A push-up is a body weight exercise that can be very challenging if you haven’t built yet enough upper body strength. This is one of those total body exercises that seems to engage every muscle you’ve got. It requires a good amount of core strength to maintain the body aligned throughout the movement. Fortunately, there are a few modifications you can do in order to incorporate this amazing exercise to your routine.
In a full body push-up, you start from a plank position: belly facing the ground, back straight, arms shoulder-width apart, legs and arms fully extended, and palms and toes supporting the body. Keeping a flat back, slowly bend your elbows, lowering the rib cage as close to the floor as you can. Then, push back, extending your elbows until you are back to the initial position. That’s one repetition. You can do sets (one or more sets of 12 reps) if you are strong enough to complete those. If not, do as many as you can and try to include one more repetition each time, until you can perform 12 reps without rest in between.
- We can consider this movement an inverted chest press. Therefore the primary muscles involved are the same: chest muscles, front part of the shoulders and triceps. However, a push-up requires stronger stabilization than a bench press, largely engaging back, shoulders, arms, wrists, abdominals, legs and glutes muscles.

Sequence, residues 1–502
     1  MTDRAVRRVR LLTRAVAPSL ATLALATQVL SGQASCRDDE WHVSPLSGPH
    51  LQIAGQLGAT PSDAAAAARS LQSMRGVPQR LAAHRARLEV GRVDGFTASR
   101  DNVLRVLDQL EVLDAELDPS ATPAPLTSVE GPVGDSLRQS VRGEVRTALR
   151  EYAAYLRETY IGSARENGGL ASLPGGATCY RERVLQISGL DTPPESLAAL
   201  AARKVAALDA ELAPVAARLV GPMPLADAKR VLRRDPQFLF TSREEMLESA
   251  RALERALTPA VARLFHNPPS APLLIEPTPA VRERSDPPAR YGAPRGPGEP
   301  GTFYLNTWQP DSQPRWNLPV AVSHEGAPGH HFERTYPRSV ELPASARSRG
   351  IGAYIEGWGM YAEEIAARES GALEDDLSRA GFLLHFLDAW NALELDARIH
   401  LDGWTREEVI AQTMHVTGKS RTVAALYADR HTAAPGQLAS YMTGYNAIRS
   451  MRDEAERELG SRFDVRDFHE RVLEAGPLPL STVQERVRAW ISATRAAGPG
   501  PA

Tips for Proper Form
- Keep your body in a straight line.
- Control the movement at all times.
- Inhale when lowering the body, exhale when lifting.
- If you don’t think you can complete even one full body push-up, don’t be discouraged; I have alternatives for you. And as you get stronger, you can progress to more demanding variations. If you never performed a push-up in your life, start with a wall push-up. Stand about three feet from a wall, placing your hands slightly wider than shoulder-width distance. Bending your elbows, allow your face to come closer to the wall and then push back. Try doing between eight and 12 repetitions to start. Once you can complete two sets of 12 reps, it is time to progress to incline push-ups (using a countertop, a chair or a bench). The movement is similar, but have in mind that the lower the bench, the harder it will be. Start with a high chair and progress to a lower one.
- Another option is a kneeling push-up, in which you have to lift only part of your body weight. Whatever alternative you choose, be sure to gradually increase the challenge until you get to the full body variation.
- Already mastered the push-up world? I have options for you, too. Introducing challenge to your routine is the key for getting continued results and avoiding plateaus.
- As in the bench press exercise, different positioning of the body recruits different muscle fibers. An incline push-up will engage mostly inferior fibers of the chest, while a decline variation emphasizes mainly the upper chest area. If you want to challenge your balance, place your feet on a stability ball for a decline push-up or use a Bosu ball for a more demanding incline push-up.
- Do you want to try something funkier? Perform single-leg push-ups or try the spider-man variation.
 A plateau is a training period where you stop seeing improvements. It usually occurs because our body gets used to and comfortable with exercise routines and won’t need more physiological adaptations. To get over plateaus, it is essential to keep challenging your muscles in unexpected ways.